Posted: 19 October 2012

These beautiful photographs reflect young people's heritage, new home

Artist Marta Kotlarska has been working with our New Londoners programme, bringing Roma and new migrant children together to create their own photo exhibition, the Roundabout Arts Project. 

Please visit the exhibition at The Hub, 123 Star Lane, London, E16 4PZ (Google map). The exhibition is open from 9am-8pm through 8 November. You can also find a collection of photos on our Facebook page

Here, Kotlarska describes the ideas and motivation behind the show. 

young people and artists folding cardboard that will become pinhole cameras'Interactions that lead to deeper understanding'

People, their stories and who they are fascinate me. I have a constant hunger to gain an understanding ofthe diversity of people's lives. My work is often not the traditionally made piece of art but a result of the process of interactions that lead to deeper understanding. 

In 2004, I co-founded the Click Academy, an art group that uses pinhole photography as a way of creating social change. The following year I began working with Roma people in eastern Europe, visiting their communities and documenting them through photographs, as well as running a community project, Romani Click.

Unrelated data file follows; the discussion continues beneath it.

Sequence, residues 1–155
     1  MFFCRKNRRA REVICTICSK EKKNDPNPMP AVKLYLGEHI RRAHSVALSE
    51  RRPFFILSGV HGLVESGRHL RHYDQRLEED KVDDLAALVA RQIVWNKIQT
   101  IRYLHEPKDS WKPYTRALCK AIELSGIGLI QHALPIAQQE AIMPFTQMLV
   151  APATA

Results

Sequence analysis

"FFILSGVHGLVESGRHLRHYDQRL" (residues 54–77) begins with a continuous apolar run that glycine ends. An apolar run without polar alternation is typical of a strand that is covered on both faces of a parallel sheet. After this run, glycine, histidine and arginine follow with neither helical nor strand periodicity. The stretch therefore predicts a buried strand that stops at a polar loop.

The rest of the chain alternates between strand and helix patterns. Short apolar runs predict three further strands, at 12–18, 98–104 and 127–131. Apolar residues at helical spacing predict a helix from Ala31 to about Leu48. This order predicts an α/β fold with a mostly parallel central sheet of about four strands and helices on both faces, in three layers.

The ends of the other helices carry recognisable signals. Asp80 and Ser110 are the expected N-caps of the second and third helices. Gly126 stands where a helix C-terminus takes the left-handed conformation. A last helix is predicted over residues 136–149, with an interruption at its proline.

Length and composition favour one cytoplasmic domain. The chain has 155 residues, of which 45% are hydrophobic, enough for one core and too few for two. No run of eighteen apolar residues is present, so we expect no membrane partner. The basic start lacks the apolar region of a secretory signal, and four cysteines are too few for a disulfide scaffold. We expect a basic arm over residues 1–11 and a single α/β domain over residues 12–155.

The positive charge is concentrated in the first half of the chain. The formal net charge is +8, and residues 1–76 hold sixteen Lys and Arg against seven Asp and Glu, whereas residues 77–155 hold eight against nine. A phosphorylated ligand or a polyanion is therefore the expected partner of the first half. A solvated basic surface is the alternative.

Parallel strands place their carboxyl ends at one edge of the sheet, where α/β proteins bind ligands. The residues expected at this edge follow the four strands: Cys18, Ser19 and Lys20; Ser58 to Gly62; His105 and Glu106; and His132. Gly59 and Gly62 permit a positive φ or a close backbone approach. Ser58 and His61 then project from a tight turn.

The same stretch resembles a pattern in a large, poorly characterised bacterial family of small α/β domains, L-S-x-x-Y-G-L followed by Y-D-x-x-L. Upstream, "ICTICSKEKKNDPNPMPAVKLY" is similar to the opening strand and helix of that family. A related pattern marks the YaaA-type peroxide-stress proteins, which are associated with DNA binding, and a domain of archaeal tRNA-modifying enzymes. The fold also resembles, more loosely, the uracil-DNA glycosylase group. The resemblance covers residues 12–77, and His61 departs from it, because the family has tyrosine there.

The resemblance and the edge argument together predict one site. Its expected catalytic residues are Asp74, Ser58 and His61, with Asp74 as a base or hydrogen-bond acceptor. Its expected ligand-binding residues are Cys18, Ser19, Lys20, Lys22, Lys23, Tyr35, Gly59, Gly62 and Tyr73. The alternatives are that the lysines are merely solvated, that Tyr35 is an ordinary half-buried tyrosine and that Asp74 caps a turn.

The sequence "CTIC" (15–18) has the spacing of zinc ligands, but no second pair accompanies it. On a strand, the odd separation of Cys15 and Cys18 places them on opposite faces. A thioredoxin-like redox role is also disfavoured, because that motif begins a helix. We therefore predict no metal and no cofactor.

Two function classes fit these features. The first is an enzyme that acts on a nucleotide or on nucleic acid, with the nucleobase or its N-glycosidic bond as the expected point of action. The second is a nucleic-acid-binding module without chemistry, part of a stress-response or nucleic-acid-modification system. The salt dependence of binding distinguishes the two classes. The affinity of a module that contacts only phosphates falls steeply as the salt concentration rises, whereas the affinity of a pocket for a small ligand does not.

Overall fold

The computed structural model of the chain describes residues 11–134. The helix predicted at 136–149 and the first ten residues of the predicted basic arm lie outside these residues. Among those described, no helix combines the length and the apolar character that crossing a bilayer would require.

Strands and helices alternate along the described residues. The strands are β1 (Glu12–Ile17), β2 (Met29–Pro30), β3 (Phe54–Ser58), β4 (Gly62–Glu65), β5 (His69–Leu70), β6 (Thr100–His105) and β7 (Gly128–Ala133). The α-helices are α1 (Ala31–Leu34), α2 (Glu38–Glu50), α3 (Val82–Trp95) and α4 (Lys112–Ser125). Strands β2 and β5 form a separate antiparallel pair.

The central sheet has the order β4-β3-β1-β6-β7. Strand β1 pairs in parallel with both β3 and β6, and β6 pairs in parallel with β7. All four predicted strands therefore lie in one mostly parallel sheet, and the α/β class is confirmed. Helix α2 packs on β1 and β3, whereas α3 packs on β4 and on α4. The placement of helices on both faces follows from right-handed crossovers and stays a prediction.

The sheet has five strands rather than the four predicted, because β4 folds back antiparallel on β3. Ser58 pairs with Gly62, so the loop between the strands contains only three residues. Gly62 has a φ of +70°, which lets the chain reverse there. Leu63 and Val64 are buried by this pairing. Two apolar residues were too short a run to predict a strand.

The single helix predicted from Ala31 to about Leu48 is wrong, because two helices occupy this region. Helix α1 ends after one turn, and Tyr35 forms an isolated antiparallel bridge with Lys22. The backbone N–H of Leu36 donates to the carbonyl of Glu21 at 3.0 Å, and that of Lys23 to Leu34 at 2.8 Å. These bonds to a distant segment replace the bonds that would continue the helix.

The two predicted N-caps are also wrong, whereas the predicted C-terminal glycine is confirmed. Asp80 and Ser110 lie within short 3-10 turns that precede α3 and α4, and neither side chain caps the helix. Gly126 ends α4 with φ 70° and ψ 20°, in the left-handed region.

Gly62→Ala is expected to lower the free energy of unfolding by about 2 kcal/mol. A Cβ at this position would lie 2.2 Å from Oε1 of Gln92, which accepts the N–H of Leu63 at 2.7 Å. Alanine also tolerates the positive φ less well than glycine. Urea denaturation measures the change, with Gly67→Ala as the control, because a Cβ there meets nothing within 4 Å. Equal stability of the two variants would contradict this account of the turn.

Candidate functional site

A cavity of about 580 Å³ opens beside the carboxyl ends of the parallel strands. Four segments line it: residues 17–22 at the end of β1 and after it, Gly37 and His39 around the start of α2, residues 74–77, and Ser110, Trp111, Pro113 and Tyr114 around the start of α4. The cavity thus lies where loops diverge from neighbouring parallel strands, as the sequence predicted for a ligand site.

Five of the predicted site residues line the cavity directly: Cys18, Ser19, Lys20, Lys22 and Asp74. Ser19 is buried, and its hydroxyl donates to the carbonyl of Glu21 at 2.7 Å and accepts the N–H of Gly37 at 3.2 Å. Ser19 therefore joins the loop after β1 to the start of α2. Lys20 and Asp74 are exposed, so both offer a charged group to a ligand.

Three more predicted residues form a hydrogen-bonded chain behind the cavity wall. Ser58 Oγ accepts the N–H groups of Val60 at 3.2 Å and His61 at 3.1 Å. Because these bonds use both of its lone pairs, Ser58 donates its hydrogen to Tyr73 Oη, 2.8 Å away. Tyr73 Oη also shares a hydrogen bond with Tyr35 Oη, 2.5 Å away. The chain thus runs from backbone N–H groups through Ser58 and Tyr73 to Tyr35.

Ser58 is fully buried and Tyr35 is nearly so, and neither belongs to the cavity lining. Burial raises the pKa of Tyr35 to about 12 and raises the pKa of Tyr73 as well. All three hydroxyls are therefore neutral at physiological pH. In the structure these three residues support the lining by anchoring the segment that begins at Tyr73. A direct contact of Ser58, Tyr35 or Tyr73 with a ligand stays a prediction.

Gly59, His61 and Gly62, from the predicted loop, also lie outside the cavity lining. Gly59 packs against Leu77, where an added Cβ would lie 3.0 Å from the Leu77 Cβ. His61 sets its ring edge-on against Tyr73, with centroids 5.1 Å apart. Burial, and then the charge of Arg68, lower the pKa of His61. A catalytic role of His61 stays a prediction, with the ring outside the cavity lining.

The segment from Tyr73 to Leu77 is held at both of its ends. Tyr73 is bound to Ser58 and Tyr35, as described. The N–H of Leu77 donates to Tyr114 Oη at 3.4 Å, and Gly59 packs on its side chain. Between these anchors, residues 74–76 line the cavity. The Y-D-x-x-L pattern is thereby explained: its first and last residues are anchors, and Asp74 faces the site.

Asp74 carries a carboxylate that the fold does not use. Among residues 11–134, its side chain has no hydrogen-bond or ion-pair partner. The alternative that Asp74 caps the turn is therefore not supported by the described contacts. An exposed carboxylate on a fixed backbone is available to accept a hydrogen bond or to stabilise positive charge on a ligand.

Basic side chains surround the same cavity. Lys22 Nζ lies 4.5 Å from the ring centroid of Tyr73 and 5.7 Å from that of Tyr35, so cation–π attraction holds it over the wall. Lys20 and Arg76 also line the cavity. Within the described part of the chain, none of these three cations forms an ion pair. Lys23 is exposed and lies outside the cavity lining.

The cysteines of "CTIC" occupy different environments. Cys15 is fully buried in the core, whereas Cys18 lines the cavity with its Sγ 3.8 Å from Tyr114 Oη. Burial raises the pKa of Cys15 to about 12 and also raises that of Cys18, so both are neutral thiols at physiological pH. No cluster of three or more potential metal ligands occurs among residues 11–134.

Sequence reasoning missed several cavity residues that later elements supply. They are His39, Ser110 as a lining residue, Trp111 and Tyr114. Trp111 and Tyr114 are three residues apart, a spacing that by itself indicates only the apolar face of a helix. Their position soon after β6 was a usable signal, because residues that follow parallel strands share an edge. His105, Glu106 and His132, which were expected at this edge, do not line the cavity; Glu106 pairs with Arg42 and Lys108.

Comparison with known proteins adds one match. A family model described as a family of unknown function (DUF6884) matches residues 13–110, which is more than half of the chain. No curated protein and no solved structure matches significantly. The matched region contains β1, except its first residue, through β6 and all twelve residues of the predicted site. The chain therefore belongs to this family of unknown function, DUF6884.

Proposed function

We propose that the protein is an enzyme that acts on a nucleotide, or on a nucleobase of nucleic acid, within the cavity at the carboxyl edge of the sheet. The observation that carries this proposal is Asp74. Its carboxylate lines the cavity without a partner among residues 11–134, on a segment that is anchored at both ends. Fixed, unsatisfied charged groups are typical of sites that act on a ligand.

How the Roundabout Project came about

The Roundabout Arts Project is the second time that I’ve worked with The Children’s Society. While interviewing Roma in Poland, I found many had relatives in London and I wanted to explore these links and see how their experiences differed. 

We decided to work with a mixed group of children. Some were Polish and others have Roma backgrounds but were born in Slovakia and Poland.

It is particularly interesting to see how they retain their identity regardless of which country they are in. How being from 'the outside' means somehow they become anonymous. 

young people holding Olympic ringsChildren's familiarity with their new home

Our hopes for the children to learn the realities of the creative process and have the opportunity to express their creativity were realised. Roma children often don’t have access to the arts because of discrimination and social exclusion and we wanted to change this. 

During the workshops in which the children made their pinhole cameras and props showing their favourite sport, it was exciting to see how new friendships emerged. 

It became clear how familiar the children feel with London and how much they want to contribute to their new home by giving beauty and fun to others.

By Marta Kotlarska, artist and co-founder of the Click Academy

three girls playing on a lawn

Read more

By Marta Kotlarska - Guest bloggers

Plain text

  • Web page addresses and e-mail addresses turn into links automatically.
  • Allowed HTML tags: <a>
  • Lines and paragraphs break automatically.